The increasing age and fragility of the canvas also make its appearance in the UAE notable.
“Since its production 22 years ago, most of the artists have passed away,” Lahoud says. “For their descendants, the canvas is one of the most significant connections between them and their ancestors and the canvas is an invaluable map not only of Ngurrara country but of a complex network of social and emotional relationships and memories. The loss of culture should anything happen to the canvas was a cause of trepidation and anxiety, however the Ngurrara Canvas II custodians have generously decided to share their story with the world.”
How the canvas became a legal document
The Ngurrara canvas depicts “sites in their spiritual as well as physical relation to one another”, says Lahoud, such as waterholes, called jila, which are important both in terms of survival and in the tribe’s cultural life.
“The canvas was the evolution of smaller paintings created on field trips to the desert between 1994 and 1997, and for some of the artists, these trips to the desert were their first journey back to their homelands since their youth. The aim of these field trips was to evidence people’s connection to country through writing and painting that would then be presented to the Native Title Tribunal.”
In putting together their case for a claim to the desert territory, the Ngurrara felt that the way their people relate to the land could not be expressed in English, the language in which the battle for the Native Title was conducted. “They decided to graphically evidence their connection... so that they could show it to the Native Title Tribunal and the outside world like a map,” Lahoud says.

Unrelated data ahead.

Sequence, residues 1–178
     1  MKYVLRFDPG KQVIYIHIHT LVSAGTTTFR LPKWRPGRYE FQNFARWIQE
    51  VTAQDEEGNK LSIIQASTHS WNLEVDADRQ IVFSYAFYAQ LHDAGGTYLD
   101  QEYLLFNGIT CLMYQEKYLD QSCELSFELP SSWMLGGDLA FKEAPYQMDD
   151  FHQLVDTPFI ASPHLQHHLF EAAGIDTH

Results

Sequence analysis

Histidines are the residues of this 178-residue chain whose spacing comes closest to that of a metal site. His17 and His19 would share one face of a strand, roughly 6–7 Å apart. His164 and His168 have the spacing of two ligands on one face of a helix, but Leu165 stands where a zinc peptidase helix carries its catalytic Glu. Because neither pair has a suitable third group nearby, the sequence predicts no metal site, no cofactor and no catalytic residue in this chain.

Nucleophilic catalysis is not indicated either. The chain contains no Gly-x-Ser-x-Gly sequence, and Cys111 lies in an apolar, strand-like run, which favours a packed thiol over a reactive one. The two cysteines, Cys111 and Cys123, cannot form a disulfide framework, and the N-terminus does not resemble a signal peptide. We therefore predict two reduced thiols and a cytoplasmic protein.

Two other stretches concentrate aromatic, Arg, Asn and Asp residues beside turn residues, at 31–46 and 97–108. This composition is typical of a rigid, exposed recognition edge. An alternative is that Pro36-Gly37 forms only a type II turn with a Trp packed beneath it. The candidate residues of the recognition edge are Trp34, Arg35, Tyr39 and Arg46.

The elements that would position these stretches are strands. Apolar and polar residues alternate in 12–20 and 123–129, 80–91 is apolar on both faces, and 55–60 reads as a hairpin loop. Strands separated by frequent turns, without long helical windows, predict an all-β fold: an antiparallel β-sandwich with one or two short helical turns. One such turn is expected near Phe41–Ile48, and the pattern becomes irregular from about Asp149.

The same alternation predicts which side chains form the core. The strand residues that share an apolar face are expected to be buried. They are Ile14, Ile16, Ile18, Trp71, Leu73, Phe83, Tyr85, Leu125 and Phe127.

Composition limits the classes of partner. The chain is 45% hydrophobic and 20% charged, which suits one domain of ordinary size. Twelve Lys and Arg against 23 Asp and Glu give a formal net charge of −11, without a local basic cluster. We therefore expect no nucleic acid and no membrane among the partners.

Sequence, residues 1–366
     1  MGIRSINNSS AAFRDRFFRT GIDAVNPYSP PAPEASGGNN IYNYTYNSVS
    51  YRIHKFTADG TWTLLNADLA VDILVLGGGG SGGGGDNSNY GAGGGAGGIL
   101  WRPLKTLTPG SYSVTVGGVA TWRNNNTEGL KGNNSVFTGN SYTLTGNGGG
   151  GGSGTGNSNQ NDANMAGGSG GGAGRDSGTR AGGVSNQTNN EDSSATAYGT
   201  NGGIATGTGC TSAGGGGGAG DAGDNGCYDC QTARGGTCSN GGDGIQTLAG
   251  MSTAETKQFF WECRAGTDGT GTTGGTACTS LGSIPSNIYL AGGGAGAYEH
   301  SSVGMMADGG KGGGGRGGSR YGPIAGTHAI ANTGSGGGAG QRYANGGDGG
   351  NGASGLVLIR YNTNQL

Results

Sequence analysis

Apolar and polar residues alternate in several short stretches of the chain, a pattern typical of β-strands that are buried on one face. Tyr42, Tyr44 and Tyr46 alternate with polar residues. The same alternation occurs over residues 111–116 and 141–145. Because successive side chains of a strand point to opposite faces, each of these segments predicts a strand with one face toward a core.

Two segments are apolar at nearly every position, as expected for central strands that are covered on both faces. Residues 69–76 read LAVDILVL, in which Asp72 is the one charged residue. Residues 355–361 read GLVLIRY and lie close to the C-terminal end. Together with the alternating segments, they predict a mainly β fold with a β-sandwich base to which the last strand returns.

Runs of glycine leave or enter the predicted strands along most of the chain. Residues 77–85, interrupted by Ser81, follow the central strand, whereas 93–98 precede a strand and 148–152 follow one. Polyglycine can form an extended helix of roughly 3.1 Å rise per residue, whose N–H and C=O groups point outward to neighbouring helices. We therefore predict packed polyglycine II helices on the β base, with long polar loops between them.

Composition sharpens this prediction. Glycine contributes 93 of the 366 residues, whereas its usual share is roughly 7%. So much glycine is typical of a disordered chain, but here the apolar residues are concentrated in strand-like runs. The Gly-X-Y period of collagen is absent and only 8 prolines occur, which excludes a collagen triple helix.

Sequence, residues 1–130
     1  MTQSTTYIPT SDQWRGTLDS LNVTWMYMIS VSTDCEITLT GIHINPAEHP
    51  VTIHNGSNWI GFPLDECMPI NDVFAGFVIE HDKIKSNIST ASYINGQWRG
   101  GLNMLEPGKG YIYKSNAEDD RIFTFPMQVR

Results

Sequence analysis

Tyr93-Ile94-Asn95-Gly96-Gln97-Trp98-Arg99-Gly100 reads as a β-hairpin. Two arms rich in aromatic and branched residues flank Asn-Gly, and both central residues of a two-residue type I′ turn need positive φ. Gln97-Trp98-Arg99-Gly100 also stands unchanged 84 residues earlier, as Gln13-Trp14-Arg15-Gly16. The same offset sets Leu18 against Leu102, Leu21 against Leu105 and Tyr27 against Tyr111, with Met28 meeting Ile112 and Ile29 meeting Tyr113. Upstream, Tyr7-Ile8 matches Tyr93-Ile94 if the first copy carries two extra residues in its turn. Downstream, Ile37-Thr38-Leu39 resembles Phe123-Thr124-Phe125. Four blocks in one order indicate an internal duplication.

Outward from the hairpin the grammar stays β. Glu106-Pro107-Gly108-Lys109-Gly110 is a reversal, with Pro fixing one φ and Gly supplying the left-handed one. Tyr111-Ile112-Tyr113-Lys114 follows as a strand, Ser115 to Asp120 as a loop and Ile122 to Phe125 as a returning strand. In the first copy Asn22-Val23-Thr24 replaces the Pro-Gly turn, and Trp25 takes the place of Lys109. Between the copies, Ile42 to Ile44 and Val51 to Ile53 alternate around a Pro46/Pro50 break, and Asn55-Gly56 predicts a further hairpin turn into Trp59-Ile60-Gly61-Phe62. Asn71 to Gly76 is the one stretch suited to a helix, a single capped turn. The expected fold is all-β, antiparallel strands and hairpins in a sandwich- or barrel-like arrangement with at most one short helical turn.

The painting helped prove the living continuity among the Ngurrara people, their traditions, and their ancestral land, by showing how the three elements were inseparable and lived on in the culture of even those Ngurrara who had left the territory.
The Ngurrara Canvas I was deemed not large enough to encapsulate the full area. Ngurrara Canvas II was created on a bigger scale, and when it was presented to the Native Title Tribunal, it was considered such overwhelmingly eloquent evidence that it went forward as evidence in the case. The case was finally decided in 2007 in favour of the Ngurrara.
The Sharjah triennial, titled Rights of Future Generations, will weave together questions of ecological sustainability and indigenous and alternative practices, foregrounding models of co-existence with — rather than the plunder of – the natural environment.
Other participants include representatives from the Atacama and Quechua peoples in South America, the architect Marina Tabassum, who has worked on the inheritance of land titles in the Ganges Delta, and a team of sound artists, researchers and lawyers who have studied the displacement of archaeological remnants in Palestine.
The Sharjah Architecture Triennial will run from Saturday, November 9, 2019 to Saturday. February 8, 2020.
Updated: July 31, 2019 04:11 PM